Sleep And Your Fitness Goals

The idea that we live in a sleep-deprived society isn’t a new one. Once upon a time, our ancestors’ circadian rhythms abided by the rise and fall of the sun, but today we have access to endless streams of entertainment and caffeine, as well as lengthy to-do lists and a culture that touts an “I can sleep when I’m dead” mantra. According to the CDC, more than 25% of the population reports occasionally not getting enough sleep, while 10% report chronic insomnia. That means that a really high number of adults are falling into sleep debt on a regular basis.

You’ve likely heard that inadequate sleep can stunt your focus and make you grouchy, but this phenomenon may also be holding back your weight loss or fitness goals. One study found that dieters that don’t get adequate sleep lose half as much fat as individuals on the same diet that are getting enough sleep on a regular basis. That means that two physiologically similar individuals can go on the same diet, but if one regularly gets less sleep than the other they run the risk of losing half as much weight as their well-rested counterpart.

If you’re more focused on strength and athletic training, you probably aren’t quite as concerned with shedding pounds. However, it’s worth noting that an athlete in training may need about an hour more than the recommended 7-9 hours of sleep to allow the body to fully recover. Moreover, one of the major hormones responsible for muscular regeneration, HGH, is triggered by sleep. So opting out of valuable rest can hinder muscles from properly regenerating and strengthening following a training session.

A sleep deprived body is a body of confused hormones. Take insulin, for example. When we lose sleep, our insulin sensitivity declines, meaning our body produces this hormone in excess. This excess results in the improper storage of fat in the wrong tissues. In addition, your groggy endocrine system produces more ghrelin and cortisol, and less leptin than your body needs. This means that you’re likely to feel more hungry, burn fewer calories, and feel less full after a full meal than a well-rested individual.

On a good day, most of us can resist the urge to continue eating after a sufficient meal, but sleep deprivation limits our decision-making skills and leaves us more vulnerable to the lapses in our diets that the groggy endocrine system is already encouraging.

All of this information may seem a bit discouraging, but we have a few action points to follow through on so that you can get the sleep you need.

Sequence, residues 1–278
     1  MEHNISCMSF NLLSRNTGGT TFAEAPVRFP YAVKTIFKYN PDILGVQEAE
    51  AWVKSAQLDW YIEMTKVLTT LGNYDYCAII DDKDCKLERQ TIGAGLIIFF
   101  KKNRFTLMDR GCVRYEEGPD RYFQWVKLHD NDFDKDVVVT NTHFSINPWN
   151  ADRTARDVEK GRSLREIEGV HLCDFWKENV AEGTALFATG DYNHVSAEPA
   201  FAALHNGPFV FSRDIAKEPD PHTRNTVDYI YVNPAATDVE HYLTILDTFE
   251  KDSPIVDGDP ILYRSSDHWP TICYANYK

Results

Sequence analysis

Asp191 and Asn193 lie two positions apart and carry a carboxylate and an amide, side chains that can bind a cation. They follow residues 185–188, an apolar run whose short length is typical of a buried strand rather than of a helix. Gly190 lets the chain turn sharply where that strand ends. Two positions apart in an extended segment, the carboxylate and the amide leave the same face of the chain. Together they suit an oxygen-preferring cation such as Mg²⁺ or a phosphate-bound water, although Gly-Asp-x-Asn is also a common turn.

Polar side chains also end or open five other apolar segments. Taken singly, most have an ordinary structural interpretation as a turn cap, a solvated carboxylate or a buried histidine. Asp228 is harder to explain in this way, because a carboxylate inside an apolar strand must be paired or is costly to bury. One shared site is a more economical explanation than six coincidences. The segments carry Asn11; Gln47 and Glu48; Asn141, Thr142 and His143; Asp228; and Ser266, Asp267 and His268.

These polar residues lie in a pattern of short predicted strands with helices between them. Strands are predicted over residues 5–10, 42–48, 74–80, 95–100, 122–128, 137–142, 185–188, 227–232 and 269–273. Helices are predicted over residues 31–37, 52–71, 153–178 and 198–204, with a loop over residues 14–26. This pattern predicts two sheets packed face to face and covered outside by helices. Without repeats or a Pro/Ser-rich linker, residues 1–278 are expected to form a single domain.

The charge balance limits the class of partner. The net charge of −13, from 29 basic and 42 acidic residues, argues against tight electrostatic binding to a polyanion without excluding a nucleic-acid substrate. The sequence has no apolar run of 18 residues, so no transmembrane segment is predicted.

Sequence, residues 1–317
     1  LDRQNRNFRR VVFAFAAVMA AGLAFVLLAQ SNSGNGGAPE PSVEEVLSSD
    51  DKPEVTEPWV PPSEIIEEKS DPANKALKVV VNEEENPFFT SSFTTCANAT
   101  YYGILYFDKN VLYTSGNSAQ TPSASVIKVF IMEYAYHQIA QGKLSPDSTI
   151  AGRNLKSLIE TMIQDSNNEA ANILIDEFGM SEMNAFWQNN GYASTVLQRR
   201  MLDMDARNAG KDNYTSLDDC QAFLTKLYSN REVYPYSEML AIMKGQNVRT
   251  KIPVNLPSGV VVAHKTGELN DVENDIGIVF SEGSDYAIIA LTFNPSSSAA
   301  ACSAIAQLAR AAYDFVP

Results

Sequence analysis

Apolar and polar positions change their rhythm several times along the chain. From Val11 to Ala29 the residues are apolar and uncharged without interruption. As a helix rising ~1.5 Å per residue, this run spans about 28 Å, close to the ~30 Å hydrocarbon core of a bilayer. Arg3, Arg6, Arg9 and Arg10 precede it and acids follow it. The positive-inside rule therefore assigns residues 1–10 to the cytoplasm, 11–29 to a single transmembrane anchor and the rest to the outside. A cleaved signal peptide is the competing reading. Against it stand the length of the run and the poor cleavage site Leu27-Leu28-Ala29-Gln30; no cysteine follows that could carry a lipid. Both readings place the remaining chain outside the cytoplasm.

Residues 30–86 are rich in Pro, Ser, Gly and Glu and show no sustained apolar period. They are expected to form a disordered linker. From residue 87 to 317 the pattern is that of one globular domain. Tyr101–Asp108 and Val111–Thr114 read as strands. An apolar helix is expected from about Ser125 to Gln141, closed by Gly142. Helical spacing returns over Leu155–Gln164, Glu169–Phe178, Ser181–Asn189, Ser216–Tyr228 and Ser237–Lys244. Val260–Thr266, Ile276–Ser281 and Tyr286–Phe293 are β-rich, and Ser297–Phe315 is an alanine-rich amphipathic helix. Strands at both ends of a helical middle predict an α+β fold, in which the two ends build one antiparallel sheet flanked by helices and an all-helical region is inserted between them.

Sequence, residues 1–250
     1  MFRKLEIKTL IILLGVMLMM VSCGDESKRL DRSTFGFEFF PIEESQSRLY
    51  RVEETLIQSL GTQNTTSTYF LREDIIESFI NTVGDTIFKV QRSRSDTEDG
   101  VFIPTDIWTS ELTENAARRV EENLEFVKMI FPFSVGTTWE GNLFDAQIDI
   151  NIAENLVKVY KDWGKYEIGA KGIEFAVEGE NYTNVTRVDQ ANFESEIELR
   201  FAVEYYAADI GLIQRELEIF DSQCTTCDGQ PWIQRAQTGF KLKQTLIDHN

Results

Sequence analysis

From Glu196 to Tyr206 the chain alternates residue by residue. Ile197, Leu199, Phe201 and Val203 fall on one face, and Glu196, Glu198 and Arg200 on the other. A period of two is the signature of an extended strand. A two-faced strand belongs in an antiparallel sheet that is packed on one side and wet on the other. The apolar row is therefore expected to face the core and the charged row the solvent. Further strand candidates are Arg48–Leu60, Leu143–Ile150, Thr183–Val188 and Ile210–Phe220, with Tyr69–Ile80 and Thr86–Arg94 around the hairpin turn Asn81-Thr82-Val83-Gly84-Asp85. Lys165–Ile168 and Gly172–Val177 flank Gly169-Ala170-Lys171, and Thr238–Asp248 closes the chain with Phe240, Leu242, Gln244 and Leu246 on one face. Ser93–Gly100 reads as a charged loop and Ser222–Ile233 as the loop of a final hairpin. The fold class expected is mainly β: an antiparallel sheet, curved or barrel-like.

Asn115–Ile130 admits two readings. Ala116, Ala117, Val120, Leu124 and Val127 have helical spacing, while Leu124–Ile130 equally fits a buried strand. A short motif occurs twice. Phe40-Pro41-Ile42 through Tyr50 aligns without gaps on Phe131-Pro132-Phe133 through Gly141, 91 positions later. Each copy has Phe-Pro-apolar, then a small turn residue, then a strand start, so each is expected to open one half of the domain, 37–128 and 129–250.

First, try to limit - or, ideally, eliminate - caffeine and stimulant consumption after lunchtime. This is a pretty challenging task, and maybe unreasonable for some individuals, although I think most of us can learn to limit caffeine intake even if we can't completely cut it out.

Section off the time you need for sleep. This sounds simple enough, but making time for sleep is really a matter of balanced priorities. If you burn daylight watching videos of pandas tipping over and save the important stuff for your later hours, you’re going to infringe on valuable hours of rest.

Third, within a half hour of the aforementioned designated sleepy times, start cutting out artificial blue-light sources. Your laptop, phone, TV - whatever you’re using to watch The Walking Dead in bed - needs to go to sleep before you can. Maybe you want to argue that you just can’t fall asleep without a show on. You tried once. It was hard. For these people, I would recommend books. Not a book on your backlit tablet, but an unlit reading device (you know, like an actual book) as read by the light of a nice little bedside lamp. It’s really that simple.

If you’re still having trouble falling asleep, try out some deep breathing or meditation before turning to sleep meds. The latter might seem tempting, but sleep meds often compromise the quality of sleep, even if they help you fall asleep faster. If I’m really having a rough time falling asleep, audio guided meditations (you can find these for free all over the interwebs) are often especially useful.

Now go forth and rest up Atlas community! Your body will thank you.

Claire Leonard
Customer Service and Social Media Specialist

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